The response from Fabio Capello could not have been more supportive or more pointed in defence of Rio Ferdinand after his aberration against the Ukraine which followed high-profile errors against Manchester City for his club and Holland for his country.
Capello, speaking after the match, said, “Rio made just one mistake, the ball bounced and he didn't judge the direction of the ball well, but afterwards he played a good game like the other players. Rio has made some mistakes, but you can't question his value.”
The implication is that despite his recent struggles, Ferdinand remains a key man for Capello. In truth, the erratic displays from Ferdinand have been as much about a lack of match sharpness than any diminishing of his abilities.
The errors have mainly been ones of judgement and mental lapses, a trait which has led some to hark back to Ferdinand's formative years where such mistakes were commonplace.
Yet, despite the costly nature of these mistakes, the argument in Ferdinand's favour is that he has played too few matches this season.
His continued injury struggles with his back will be monitored closely by both England and Manchester United, but thus far, he has missed nine out of 16 matches for both club and country this year, and in that event, his match readiness will suffer.
But despite his recent troubles with both form and injuries, Capello is clearly keen to maintain his support for his beleaguered centre half—as witnessed by his supportive comments in the immediate aftermath of Saturday's match.
Such support stems from Ferdinand's own abilities as a defender. No one needs question either Ferdinand's ability as a defender or his credentials as one of the finest in the world. On his day, there are few better in the world and his partnerships with Nemanja Vidic for club and John Terry for country will seldom be bettered.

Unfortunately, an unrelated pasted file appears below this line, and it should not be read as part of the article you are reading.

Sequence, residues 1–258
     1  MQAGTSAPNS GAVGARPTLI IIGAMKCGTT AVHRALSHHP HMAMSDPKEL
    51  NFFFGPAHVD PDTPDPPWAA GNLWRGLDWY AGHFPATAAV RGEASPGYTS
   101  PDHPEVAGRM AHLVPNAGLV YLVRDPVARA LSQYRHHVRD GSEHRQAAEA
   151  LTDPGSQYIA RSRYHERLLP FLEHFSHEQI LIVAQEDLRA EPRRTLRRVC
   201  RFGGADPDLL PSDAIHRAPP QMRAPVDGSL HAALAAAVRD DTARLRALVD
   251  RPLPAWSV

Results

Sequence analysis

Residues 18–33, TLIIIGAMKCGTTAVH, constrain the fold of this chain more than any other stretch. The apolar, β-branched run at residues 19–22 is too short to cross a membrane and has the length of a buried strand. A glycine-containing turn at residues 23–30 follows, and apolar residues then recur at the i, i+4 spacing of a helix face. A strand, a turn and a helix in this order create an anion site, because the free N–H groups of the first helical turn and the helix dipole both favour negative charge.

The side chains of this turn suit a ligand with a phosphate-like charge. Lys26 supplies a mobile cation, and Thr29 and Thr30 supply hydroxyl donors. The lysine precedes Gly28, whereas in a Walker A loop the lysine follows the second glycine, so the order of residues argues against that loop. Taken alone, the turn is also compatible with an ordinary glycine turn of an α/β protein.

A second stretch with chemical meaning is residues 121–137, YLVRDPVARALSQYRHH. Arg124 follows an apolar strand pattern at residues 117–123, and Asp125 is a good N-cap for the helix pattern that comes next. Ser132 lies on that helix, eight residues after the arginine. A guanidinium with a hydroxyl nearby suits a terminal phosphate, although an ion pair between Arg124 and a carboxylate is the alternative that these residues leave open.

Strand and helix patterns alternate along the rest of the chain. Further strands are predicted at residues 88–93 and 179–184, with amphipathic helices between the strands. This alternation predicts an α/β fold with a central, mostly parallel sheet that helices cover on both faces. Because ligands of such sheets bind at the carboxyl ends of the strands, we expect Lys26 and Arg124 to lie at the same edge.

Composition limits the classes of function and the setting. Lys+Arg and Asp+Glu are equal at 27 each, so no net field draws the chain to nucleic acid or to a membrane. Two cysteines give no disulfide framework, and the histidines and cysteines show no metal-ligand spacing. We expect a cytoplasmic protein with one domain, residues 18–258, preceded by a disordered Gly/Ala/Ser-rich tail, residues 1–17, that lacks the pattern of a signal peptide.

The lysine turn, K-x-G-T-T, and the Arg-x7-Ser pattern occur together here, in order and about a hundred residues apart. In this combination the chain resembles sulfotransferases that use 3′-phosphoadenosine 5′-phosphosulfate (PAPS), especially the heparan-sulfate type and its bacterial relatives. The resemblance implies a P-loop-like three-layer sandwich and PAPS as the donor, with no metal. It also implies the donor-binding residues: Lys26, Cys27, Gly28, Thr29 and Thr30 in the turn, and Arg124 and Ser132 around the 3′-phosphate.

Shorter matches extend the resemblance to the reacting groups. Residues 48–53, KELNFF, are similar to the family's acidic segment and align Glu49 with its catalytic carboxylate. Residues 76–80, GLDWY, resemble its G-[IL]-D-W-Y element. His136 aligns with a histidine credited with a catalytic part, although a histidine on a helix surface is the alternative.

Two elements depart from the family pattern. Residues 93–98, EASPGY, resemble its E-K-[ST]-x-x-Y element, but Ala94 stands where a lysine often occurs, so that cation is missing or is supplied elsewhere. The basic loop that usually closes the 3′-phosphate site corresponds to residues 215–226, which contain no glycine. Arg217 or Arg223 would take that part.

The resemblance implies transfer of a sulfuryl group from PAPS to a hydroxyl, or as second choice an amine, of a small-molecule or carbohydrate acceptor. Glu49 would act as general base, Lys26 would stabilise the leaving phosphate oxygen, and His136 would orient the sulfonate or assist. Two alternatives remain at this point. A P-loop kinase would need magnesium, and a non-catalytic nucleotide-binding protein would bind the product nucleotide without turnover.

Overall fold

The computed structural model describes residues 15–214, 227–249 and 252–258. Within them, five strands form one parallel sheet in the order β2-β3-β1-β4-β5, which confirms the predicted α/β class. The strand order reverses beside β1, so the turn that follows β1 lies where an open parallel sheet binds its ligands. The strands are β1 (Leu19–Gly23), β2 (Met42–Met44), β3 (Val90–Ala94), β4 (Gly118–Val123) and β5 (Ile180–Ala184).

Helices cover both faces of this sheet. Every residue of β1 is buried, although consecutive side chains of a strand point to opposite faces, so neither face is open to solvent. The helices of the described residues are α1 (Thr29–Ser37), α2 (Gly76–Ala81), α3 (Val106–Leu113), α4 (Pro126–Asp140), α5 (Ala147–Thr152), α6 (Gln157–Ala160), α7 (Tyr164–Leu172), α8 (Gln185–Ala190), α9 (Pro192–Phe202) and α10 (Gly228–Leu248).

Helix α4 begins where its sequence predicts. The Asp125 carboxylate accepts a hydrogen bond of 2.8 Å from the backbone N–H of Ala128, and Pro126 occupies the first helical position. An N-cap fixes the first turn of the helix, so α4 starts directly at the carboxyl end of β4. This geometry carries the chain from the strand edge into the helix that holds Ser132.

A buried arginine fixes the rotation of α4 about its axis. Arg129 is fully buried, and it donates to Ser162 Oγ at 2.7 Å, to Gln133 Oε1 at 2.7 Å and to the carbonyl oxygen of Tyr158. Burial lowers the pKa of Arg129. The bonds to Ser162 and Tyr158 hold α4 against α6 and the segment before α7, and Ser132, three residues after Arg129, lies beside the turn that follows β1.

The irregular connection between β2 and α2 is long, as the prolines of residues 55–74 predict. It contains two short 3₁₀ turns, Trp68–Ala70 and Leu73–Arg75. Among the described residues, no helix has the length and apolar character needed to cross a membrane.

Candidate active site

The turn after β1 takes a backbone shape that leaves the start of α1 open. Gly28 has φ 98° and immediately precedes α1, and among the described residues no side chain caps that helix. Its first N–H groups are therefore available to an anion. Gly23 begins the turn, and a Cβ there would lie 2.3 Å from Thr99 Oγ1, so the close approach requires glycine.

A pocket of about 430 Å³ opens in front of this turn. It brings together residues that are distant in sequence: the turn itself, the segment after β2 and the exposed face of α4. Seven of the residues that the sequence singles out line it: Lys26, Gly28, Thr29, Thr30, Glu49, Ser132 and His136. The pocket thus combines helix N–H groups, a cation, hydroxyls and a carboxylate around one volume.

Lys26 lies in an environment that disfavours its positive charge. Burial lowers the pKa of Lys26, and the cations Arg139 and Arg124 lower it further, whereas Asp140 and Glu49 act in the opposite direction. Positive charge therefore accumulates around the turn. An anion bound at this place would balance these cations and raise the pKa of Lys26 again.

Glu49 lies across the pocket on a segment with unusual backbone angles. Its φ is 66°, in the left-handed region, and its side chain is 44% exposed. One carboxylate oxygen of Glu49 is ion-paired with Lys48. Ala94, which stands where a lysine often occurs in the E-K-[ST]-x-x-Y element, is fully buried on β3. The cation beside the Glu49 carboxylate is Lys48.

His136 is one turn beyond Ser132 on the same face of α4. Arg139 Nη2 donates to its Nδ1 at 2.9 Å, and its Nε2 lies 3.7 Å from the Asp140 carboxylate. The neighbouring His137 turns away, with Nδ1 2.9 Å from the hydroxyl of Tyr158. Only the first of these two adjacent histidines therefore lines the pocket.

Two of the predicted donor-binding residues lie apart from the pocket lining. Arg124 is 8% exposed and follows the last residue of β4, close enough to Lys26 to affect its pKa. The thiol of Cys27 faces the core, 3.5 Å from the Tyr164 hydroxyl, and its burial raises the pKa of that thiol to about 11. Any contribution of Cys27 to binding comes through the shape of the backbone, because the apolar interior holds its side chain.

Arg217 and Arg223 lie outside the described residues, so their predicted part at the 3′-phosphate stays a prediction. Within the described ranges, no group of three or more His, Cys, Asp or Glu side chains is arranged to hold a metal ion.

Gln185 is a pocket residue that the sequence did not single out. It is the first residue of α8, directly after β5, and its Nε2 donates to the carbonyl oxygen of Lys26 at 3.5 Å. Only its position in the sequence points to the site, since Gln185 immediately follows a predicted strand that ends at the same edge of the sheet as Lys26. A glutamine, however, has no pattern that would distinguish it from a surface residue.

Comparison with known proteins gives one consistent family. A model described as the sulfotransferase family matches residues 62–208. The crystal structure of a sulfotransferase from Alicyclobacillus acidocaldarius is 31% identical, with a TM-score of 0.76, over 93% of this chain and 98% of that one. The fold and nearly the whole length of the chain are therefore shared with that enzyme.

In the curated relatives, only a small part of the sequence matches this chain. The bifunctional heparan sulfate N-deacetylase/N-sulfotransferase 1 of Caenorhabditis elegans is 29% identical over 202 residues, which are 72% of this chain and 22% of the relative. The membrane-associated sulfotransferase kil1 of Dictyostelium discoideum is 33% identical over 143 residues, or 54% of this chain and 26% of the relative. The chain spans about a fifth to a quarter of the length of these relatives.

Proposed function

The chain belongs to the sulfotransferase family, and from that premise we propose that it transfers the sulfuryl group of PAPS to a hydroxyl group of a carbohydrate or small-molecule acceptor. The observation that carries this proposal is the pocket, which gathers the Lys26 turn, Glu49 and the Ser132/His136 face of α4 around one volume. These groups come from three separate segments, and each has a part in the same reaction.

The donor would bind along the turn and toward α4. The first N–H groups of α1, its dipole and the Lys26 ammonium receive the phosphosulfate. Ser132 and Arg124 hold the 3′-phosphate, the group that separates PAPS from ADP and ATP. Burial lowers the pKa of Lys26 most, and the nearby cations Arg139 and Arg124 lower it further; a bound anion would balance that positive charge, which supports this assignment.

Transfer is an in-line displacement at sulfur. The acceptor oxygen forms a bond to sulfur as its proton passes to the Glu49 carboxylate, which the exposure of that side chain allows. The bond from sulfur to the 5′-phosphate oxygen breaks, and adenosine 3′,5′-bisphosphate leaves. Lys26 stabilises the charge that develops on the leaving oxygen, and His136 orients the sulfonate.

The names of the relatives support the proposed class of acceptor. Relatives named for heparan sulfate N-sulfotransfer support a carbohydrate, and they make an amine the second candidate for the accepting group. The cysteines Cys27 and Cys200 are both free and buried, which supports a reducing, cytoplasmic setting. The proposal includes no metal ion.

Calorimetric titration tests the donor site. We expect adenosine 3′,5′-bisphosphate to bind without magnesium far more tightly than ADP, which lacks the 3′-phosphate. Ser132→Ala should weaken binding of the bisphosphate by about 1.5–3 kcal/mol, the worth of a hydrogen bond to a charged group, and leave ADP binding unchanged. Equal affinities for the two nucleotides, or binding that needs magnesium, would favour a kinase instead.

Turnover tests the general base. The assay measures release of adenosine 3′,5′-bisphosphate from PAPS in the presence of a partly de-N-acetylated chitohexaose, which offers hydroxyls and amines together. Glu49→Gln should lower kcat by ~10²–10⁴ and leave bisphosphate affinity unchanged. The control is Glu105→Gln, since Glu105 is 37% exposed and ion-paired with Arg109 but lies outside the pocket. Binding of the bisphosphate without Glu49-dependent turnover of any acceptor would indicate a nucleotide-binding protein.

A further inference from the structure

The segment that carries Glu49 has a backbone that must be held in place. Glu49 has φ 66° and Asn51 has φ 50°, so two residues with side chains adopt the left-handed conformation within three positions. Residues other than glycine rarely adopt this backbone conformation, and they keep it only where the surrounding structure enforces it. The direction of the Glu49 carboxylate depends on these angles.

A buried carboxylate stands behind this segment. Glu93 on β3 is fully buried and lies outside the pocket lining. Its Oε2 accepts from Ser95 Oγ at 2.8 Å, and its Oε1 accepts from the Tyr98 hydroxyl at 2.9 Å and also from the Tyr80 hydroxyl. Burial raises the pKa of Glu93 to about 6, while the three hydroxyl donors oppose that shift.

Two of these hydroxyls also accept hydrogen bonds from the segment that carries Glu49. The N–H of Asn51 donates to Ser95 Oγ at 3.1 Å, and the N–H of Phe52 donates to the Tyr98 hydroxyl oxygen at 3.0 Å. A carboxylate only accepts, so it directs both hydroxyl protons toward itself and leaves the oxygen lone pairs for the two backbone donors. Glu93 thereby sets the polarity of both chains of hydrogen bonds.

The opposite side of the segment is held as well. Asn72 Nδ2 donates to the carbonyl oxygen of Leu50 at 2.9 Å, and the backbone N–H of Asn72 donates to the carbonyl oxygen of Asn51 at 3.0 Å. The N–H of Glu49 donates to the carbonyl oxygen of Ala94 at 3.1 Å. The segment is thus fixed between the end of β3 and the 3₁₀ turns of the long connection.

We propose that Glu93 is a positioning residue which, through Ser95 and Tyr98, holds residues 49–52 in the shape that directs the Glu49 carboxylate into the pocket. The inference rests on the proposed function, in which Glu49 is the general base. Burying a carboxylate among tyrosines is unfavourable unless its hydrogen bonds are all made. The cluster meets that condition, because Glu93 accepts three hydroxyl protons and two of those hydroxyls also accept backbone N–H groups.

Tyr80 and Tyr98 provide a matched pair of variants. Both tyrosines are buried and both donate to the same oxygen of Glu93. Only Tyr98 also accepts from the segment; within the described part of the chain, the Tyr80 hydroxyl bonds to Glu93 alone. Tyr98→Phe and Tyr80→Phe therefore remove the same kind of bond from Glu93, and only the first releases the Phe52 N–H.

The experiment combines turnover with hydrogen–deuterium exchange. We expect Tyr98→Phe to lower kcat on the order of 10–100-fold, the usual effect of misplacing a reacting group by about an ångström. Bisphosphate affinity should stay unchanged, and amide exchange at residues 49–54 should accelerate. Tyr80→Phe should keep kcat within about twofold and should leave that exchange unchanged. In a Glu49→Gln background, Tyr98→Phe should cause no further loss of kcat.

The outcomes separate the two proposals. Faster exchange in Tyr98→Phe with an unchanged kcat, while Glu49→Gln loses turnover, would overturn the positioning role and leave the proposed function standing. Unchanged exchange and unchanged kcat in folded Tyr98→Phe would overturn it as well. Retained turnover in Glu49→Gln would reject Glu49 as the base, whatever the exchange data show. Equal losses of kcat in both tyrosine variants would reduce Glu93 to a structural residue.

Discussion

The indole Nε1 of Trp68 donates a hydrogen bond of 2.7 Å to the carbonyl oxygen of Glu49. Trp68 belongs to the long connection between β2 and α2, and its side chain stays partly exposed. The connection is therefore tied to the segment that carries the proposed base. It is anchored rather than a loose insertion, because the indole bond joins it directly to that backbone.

Indeed, his international colleagues have been quick to leap to Ferdinand's defence. John Terry described Ferdinand as “one of the best defenders in the world,” while Wayne Rooney stated, “Rio's a top defender, he's just had a few injuries of late.”
But Capello's support will also stem from the simple fact that England cannot do without him. While the likes of Wayne Rooney and captain John Terry are considered indispensable, Ferdinand is certainly not far off. Regardless of form, should he be fit enough to play, then he will feature for England.
Were Ferdinand to be dispensed, a key point of consideration for Capello is that none of the contenders for his spot can make cast iron cases for inclusion.
In the current England squad are Bolton's Gary Cahill, who despite showing promise is still uncapped, Matthew Upson, who featured in Ferdinand's absence but was far from convincing, and Wes Brown, who has yet to force his way back into the Manchester United lineup.
Meanwhile, in total, Capello has called upon 12 centre backs in the total of 55 players he has called up since he took charge. The list includes a number of names, but few of whom offer credible alternatives.
The likes of Joleon Lescott and Phil Jagielka excel week in, week out domestically, but have looked shaky when asked to step up to international level.
Tottenham duo Jonathan Woodgate and Ledley King could offer credible alternatives were they not, sadly, once again cursed by the injury troubles which have plagued their careers.
The likes of Micah Richards, Curtis Davies, and David Wheater have dropped from the radar completely. Anyone who witnessed the under-21's 6-3 win over Macedonia will realise that the likes of James Tomkins and Michael Mancienne definitely remain works in progress.
For Capello, this lack of alternatives render any arguments over Ferdinand's international form moot.
Quality centre backs remain at a premium throughout England. Not so long ago, England had a large pool of world-class, internationally-experienced centre backs to call upon with the likes of Jamie Carragher, Sol Campbell, and Ledley King readily available should either Terry or Ferdinand be unavailable.
How times have changed. For Fabio Capello, there has been little to overly worry him throughout his time as England manager, but planning for life without Rio Ferdinand is something that he dare not contemplate just yet.
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